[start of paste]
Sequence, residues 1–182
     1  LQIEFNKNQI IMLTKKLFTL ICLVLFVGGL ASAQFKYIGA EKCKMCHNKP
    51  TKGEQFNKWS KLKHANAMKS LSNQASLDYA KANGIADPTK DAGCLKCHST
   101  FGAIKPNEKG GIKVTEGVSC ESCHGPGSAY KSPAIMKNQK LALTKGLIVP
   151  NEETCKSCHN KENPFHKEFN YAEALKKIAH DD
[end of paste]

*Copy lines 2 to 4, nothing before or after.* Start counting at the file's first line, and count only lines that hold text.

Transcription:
     1  LQIEFNKNQI IMLTKKLFTL ICLVLFVGGL ASAQFKYIGA EKCKMCHNKP
    51  TKGEQFNKWS KLKHANAMKS LSNQASLDYA KANGIADPTK DAGCLKCHST
   101  FGAIKPNEKG GIKVTEGVSC ESCHGPGSAY KSPAIMKNQK LALTKGLIVP